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The evolution of the #hashtag

And how to keep up with ever-changing social media

BY TAYLOR WYLLIE

In August of 2007, then-Google designer Chris Messina suggested Twitter use hashtags as a way create groups and categorize conversations.
Twitter rejected the idea. Its users did not.

As hashtags grew in popularity, they jumped from Twitter, to both Facebook and Instagram, to people’s speech (as a millennial I’ve witnessed many a colleague ending a sentence with “#Blessed”).
 
But since its inception, Twitter has sharpened its search function so you can follow events using keywords. All you have to do is type in whatever it is you’re looking for — say the National Park Service Centennial — and it’ll pull any Tweet the subject’s mentioned in. Essentially, Twitter’s current search function stole the adopted role of any hashtag.
 
Keywords are trending now and the reign of the hashtag is over.
 
But don’t rejoice (or mourn) just yet. Hashtags are still an essential part of succeeding on social media, both in reaching your audience and following your beat.
 
Here’s a few things reporters should keep in mind each time they send out a Tweet:
 
Don’t make up a hashtag on your own.
 
Chances are, if you randomly decide on a hashtag, no one else will pick up on it. You may end up following the wrong conversation, and your Tweet will be filed away where people won’t find it. If you’re not sure if you’ve made it up or not, search your hashtag. If nothing comes up, scrap it.
 
But if you notice a hashtag that organically becomes popular, use it.
 
Sometimes a hashtag will naturally emerge — particularly surrounding bigger events. Monitor the conversation and you’ll likely be able to see what people are using, although 100 percent hashtag consensus is rare. Begin by searching the name of the event or business.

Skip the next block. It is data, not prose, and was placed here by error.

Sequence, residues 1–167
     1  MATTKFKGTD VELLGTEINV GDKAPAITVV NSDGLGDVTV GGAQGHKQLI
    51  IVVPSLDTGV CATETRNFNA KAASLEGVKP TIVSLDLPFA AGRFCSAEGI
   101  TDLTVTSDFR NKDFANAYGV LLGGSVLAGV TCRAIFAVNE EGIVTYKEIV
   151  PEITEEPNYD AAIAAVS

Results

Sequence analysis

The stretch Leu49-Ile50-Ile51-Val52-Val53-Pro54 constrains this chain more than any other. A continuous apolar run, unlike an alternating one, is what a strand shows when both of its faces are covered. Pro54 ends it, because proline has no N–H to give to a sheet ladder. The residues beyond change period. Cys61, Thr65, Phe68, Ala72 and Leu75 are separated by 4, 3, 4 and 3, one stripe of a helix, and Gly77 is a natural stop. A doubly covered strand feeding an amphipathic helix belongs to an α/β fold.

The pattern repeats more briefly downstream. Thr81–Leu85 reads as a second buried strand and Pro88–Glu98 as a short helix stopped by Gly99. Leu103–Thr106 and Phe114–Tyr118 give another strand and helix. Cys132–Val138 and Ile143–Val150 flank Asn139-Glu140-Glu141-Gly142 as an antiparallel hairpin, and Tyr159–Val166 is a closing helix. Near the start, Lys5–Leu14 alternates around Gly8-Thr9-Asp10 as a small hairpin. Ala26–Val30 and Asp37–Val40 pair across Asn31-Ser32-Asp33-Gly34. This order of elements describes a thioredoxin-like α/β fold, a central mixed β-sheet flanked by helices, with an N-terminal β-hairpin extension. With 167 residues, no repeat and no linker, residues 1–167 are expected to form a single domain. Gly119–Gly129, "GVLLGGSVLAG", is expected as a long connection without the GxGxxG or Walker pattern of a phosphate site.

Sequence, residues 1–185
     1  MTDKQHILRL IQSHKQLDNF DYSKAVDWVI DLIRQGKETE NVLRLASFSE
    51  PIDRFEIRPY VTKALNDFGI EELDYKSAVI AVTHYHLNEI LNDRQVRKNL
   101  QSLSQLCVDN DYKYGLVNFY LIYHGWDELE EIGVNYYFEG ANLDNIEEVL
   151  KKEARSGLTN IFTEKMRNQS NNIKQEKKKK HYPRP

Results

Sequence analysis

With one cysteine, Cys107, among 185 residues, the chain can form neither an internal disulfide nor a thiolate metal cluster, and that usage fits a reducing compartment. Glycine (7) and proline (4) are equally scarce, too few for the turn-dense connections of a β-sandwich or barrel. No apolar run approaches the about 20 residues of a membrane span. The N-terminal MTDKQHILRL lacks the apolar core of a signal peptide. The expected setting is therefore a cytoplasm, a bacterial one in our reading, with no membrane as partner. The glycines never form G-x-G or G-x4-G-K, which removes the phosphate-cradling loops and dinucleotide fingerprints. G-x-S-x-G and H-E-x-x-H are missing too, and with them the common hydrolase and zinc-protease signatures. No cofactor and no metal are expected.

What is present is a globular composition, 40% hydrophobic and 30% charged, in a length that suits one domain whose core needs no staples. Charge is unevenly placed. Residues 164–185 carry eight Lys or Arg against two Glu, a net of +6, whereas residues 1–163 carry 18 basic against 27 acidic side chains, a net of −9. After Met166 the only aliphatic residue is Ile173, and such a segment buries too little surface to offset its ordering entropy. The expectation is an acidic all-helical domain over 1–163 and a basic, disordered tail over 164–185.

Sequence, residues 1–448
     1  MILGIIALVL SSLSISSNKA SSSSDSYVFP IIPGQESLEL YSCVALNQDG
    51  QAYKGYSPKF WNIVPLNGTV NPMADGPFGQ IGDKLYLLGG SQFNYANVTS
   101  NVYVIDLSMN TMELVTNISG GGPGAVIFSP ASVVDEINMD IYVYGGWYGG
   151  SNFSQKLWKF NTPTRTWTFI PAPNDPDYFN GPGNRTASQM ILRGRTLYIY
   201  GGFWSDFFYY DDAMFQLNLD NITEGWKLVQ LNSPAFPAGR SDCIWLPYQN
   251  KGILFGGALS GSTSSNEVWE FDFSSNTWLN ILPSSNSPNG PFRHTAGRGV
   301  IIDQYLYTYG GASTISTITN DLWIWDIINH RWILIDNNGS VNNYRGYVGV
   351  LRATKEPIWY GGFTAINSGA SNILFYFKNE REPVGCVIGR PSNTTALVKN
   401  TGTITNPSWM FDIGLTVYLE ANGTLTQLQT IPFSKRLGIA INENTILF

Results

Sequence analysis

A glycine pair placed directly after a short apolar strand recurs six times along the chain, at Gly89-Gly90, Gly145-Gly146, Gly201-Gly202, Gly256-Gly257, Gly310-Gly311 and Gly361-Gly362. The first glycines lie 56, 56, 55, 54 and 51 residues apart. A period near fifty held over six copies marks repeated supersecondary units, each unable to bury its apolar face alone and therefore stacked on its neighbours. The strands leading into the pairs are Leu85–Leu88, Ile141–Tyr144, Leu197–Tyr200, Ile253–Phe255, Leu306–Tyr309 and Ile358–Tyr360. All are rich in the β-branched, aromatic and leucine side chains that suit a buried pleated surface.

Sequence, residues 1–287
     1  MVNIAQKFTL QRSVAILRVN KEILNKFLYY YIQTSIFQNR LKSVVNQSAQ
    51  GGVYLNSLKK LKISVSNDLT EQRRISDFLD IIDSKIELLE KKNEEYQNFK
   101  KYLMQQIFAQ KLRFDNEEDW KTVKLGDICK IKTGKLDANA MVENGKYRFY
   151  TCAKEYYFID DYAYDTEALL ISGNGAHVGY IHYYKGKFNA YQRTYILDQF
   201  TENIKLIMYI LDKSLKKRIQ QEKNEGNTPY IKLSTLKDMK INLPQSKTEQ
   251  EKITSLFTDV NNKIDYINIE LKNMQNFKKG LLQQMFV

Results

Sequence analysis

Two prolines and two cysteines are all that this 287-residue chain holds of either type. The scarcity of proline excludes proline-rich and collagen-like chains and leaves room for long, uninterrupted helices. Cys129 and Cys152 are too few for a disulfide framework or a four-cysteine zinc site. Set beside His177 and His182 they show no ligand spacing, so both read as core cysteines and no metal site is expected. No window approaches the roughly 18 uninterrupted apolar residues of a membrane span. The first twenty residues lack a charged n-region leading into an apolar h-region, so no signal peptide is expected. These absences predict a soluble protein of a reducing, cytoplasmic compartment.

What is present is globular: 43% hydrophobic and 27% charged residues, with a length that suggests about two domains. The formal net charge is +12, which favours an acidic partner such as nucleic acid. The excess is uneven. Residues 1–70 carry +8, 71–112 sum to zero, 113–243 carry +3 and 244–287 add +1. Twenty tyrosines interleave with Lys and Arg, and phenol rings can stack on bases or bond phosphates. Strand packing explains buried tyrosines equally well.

If there is no user-generated hashtag for the event you’re covering, and if you’re one of the only media members covering it, send out a Tweet sans hashtag.
 
Use hashtags sparingly.
 
Gone are the days when news agencies use multiple hashtags per Tweet, or even a hashtag with every Tweet. So-called “clean Tweets” can get more views than their hashtagged counterparts.
 
Remember to maintain objective reporting, even when tweeting.
 
Journalists have a responsibility to be mindful of the hashtags they do use — noting any unintended bias in the language of their hashtag. That doesn’t mean reporters can’t use slanted hashtags, it simply means know why you’re using it and how you’re using it. There’s still a debate on what the best way to go about this is, but essentially, if a trending hashtag is using language you otherwise wouldn’t, use the hashtag at the end of the tweet as a way to enter the conversation, not as a way to describe the event.
 
Know where your audience is getting news.
 
It’s a smart idea to consider whether or not the people you write for are actually on Twitter.
 
According to an article on Forbes, Facebook has 1.3 billion monthly, active users, compared to Twitter’s 271 million. If your audience is older or rural, you may not be reaching them by sticking to Twitter. Think about creating a reporter’s Facebook page instead, and use Twitter only to stay on top of your beat.
 
Remember hashtags aren’t only a feature of Twitter anymore.
 
The same information applies to all forms of social media — Facebook and Instagram especially.
 
The social media world is an evolving one — what happens today could change tomorrow.
 
Continually keep an eye on emerging trends and the evolution of old functions to stay on top of your social media game. ♦
 
— Author’s Note: this article was written with the help of the social media editor of The Washington Post, Ric Sanchez.
 
— Taylor Wyllie is an OWAA intern and student at the University of Montana, pursuing a degree in both journalism and environmental studies. She’s reported and edited for the independent student newspaper, The Montana Kaimin, for two years and her work has appeared on Montana PBS, Montana Public Radio and in the Missoulian.
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